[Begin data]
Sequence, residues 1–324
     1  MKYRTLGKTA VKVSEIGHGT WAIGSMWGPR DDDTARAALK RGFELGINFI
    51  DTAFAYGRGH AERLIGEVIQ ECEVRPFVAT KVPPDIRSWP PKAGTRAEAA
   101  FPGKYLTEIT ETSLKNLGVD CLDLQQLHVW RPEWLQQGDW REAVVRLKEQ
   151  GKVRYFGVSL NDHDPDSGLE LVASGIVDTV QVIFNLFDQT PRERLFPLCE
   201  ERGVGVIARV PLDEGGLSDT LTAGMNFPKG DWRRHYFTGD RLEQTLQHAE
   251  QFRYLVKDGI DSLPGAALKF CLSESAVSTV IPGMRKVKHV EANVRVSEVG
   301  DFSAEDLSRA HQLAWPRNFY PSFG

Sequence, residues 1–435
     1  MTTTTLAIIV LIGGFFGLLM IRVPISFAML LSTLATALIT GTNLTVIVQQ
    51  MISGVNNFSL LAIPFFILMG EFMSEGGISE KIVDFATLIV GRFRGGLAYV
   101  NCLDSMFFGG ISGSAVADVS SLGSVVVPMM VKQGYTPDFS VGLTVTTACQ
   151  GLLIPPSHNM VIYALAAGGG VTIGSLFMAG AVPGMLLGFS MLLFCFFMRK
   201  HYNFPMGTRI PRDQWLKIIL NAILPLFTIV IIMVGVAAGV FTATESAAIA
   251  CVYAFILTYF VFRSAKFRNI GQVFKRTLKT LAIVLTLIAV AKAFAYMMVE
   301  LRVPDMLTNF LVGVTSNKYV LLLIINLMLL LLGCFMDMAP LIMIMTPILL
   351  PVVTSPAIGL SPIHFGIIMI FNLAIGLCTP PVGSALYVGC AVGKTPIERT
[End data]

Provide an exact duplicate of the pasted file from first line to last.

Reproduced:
Sequence, residues 1–324
     1  MKYRTLGKTA VKVSEIGHGT WAIGSMWGPR DDDTARAALK RGFELGINFI
    51  DTAFAYGRGH AERLIGEVIQ ECEVRPFVAT KVPPDIRSWP PKAGTRAEAA
   101  FPGKYLTEIT ETSLKNLGVD CLDLQQLHVW RPEWLQQGDW REAVVRLKEQ
   151  GKVRYFGVSL NDHDPDSGLE LVASGIVDTV QVIFNLFDQT PRERLFPLCE
   201  ERGVGVIARV PLDEGGLSDT LTAGMNFPKG DWRRHYFTGD RLEQTLQHAE
   251  QFRYLVKDGI DSLPGAALKF CLSESAVSTV IPGMRKVKHV EANVRVSEVG
   301  DFSAEDLSRA HQLAWPRNFY PSFG

Sequence, residues 1–435
     1  MTTTTLAIIV LIGGFFGLLM IRVPISFAML LSTLATALIT GTNLTVIVQQ
    51  MISGVNNFSL LAIPFFILMG EFMSEGGISE KIVDFATLIV GRFRGGLAYV
   101  NCLDSMFFGG ISGSAVADVS SLGSVVVPMM VKQGYTPDFS VGLTVTTACQ
   151  GLLIPPSHNM VIYALAAGGG VTIGSLFMAG AVPGMLLGFS MLLFCFFMRK
   201  HYNFPMGTRI PRDQWLKIIL NAILPLFTIV IIMVGVAAGV FTATESAAIA
   251  CVYAFILTYF VFRSAKFRNI GQVFKRTLKT LAIVLTLIAV AKAFAYMMVE
   301  LRVPDMLTNF LVGVTSNKYV LLLIINLMLL LLGCFMDMAP LIMIMTPILL
   351  PVVTSPAIGL SPIHFGIIMI FNLAIGLCTP PVGSALYVGC AVGKTPIERT